Bryce Drew might be old by today's college basketball standards.
The recently appointed Valparaiso University head coach is 36. Young by many other standards -- yet older when he has 34-year-old Butler coach Brad Stevens and his back-to-back Final Four appearances to compete with in the Horizon League.
And considering the Bulldogs' national semifinal opponent, Virginia Commonwealth, and its 34-year-old head coach Shaka Smart, Drew might have just aged before our eyes.
Whether he likes it or not -- and Drew doesn't -- he won't be able to avoid the comparisons to Stevens and Smart, and he certainly can't escape the expectations heaped on today's class of young coaches.
"I don't try to look and put big expectations," Drew said. "Obviously my ultimate goal is to get there and have a chance. I don't want to measure my success if we go as far as VCU or Butler."
Drew can blame Stevens and Smart. They ruined it for the whole batch, but he can also blame the schools.
The trend is going on everywhere. Young coaches are in demand. Maybe they're cheaper. Maybe they're better recruiters. Or maybe presidents and athletic directors are leaning back in their leather chairs with their wing tips propped up on their mahogany desks, daydreaming.
Of the three possibilities, the latter may win out here. Of the 68 schools in last year's NCAA tournament, nine were led by coaches under 40. Obviously, something's working.
When Drew was hired May 17, he became the fifth Horizon League coach in his 30s, joining Stevens, 34; Wright State's Billy Donlon, 34; Green Bay's Brian Wardle, 31; and UIC's Howard Moore, 38.
Drew, Donlon and Wardle were all hired since April 2010 --- when Stevens led Butler to its first Final Four.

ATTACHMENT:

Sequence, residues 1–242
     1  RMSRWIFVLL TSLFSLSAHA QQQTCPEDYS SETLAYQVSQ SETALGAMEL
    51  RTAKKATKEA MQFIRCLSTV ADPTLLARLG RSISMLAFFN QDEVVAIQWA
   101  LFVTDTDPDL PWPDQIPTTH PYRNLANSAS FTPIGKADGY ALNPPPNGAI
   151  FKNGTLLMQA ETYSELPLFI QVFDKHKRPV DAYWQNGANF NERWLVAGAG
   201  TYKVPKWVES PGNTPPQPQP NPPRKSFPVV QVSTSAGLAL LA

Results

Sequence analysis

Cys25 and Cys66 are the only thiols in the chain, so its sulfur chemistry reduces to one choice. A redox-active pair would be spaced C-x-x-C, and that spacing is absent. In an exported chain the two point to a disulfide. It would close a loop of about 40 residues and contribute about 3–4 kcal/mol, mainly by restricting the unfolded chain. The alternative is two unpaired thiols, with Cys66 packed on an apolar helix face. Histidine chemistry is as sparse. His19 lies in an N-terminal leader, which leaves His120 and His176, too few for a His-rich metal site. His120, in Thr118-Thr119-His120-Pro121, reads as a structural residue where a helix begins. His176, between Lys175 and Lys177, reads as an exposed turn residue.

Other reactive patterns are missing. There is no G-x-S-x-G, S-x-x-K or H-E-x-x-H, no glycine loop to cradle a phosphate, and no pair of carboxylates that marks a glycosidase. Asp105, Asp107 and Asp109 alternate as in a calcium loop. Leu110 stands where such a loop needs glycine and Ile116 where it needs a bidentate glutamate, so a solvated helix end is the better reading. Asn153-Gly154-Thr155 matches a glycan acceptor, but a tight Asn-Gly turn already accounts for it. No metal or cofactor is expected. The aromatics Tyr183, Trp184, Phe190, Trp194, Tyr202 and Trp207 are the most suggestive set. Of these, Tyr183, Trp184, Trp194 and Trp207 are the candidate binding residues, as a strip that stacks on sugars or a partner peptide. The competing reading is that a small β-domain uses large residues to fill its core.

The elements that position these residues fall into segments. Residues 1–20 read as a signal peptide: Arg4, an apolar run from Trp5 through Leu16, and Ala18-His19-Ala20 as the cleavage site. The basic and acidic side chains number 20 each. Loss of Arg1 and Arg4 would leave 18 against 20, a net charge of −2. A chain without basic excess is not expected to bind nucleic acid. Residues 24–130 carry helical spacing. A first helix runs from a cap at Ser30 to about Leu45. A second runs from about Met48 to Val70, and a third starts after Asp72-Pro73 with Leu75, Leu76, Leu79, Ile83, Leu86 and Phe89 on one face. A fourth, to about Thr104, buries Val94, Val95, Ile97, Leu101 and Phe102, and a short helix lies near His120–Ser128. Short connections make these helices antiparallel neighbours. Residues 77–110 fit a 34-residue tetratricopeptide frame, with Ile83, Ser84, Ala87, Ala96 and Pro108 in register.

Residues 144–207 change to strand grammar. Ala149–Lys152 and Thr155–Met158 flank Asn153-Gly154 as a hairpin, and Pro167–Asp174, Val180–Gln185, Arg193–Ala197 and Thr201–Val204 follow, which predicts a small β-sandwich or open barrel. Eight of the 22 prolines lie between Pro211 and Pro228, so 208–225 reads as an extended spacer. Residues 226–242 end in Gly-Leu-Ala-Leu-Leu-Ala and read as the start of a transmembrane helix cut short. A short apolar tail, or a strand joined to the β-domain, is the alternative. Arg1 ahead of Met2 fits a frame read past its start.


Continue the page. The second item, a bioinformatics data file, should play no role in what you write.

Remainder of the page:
Drew's case was different. There was almost no question he was going to succeed his father, Homer, 66, who had coached the Crusaders for 22 years, although Homer said discussions for Bryce to take over only took place the last couple months.
VU president Mark Heckler and athletic director Mark LaBarbera took a risk with Bryce, he's unproven and he's, yes, young. But father and son agreed on one thing: today's college basketball is built for younger coaches.
"There's no down period," Homer Drew said. "It has become truly year-round with no time off for the coaches today.
"I think you've got the older coaches who have the experience, that knowledge, that wisdom, which only time allows to happen. You have the enthusiasm, the eagerness of the young coaches that have come up."
While both Homer and Bryce admit some players are looking for that father figure in an older coach -- and Homer always did well recruiting parents -- most younger coaches relate better to this generation of high school stars. They text. They tweet. They fist pound. Some might even chest bump.
And to a kid who's been embedded in this me-first, technology-driven society, that's important.
"I think now it's definitely a different time with the kind of kid growing up," Bryce said. "They want success immediately. They want results immediately. It's just a totally different kind of culture of basketball. "
That sounds familiar. Young coaches want success immediately. They want results immediately.
This generation of player and coaches are perfect for each other.